But now its August 2000 and I could do with some relationship counselling of my own, time is speeding up like the spin cycle in the washing machine. I don't really know what lies ahead but I know it's exciting and important and I have to do it, even though it means leaving my fracturing relationship behind me for now. Its just the start. In a couple of months I will be in a small Karoo town with this crazy crew, making masks from paper tape and mobiles with dangling forests, zebras and gemsbok. We'll take great delight in pissing off the conservative locals by going to their church, a motley mixture of dark skins, light skins and coffeemelt skins, holding hands in the street and embracing outside the corner store. Soon my head will be awash with images – how to translate thorny issues, acronyms and political rhetoric into visuals that will communicate the plight of dusty villagers to men in suits in governments.

I'm just entering the Theatre for Africa fold. For Musa, its been a journey that started in 1996 when he auditioned for them in Chipata for Guardians of Eden. He can play a baboon, a lion, a feminine village beauty or a chief, all with great aplomb. There's something about him. His eyes blaze on stage, his presence sucks you in. He's one of those actors, the one you watch in the chorus line. You want to know him. Be around him. People did. Be around him. He loved it. He knew. He was lucky, and loving it. And just never arrogant.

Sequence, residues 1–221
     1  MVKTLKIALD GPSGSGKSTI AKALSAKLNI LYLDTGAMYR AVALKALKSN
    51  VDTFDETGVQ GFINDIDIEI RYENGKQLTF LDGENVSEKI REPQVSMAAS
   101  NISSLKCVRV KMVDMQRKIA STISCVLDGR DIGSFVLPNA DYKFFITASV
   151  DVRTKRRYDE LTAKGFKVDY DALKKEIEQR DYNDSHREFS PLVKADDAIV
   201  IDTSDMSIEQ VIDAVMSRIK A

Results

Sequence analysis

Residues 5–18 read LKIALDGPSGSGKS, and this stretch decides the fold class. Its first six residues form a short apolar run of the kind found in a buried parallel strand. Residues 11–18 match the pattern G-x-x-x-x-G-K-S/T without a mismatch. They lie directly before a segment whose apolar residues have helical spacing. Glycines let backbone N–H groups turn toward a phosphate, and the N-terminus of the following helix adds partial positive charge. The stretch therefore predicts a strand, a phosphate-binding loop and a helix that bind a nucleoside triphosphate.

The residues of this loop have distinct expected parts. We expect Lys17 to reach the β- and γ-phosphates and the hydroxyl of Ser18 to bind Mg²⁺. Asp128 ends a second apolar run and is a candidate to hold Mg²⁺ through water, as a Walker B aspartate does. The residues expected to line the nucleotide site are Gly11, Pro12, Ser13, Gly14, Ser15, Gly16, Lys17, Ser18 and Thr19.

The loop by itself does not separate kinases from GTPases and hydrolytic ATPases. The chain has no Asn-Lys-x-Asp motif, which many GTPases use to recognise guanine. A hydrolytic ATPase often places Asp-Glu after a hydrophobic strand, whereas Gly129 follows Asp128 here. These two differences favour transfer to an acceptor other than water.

He plays the President in A Light in the Night of President Khaya Afrikha. I forget what I make him to wear. Probably something garish in blue velvet. It doesn't matter. His eyes carry that show, and his knotted eyebrows, which make him look like he's being a great and concerned leader. But really, it's because he's trying to remember all those damn lines.

Two years later I'm living in Cape Town and he and Miranda are back home, and we're doing a show for the WSSD over email. The World Summit on Sustainable Development. Joburg. I'm sending them bits of script, scene by scene, while they're in the bush, turning it into magic. They play their hearts out to an audience of technocrats from across the world. I remember that line, the one that made people cry:
“What am I then? Am I an indigenous persons also? I thought I was the poorest of the poor.” Again those blazing eyes. As he played a hapless villager who travels to the big city to take his message to the big shots of the world.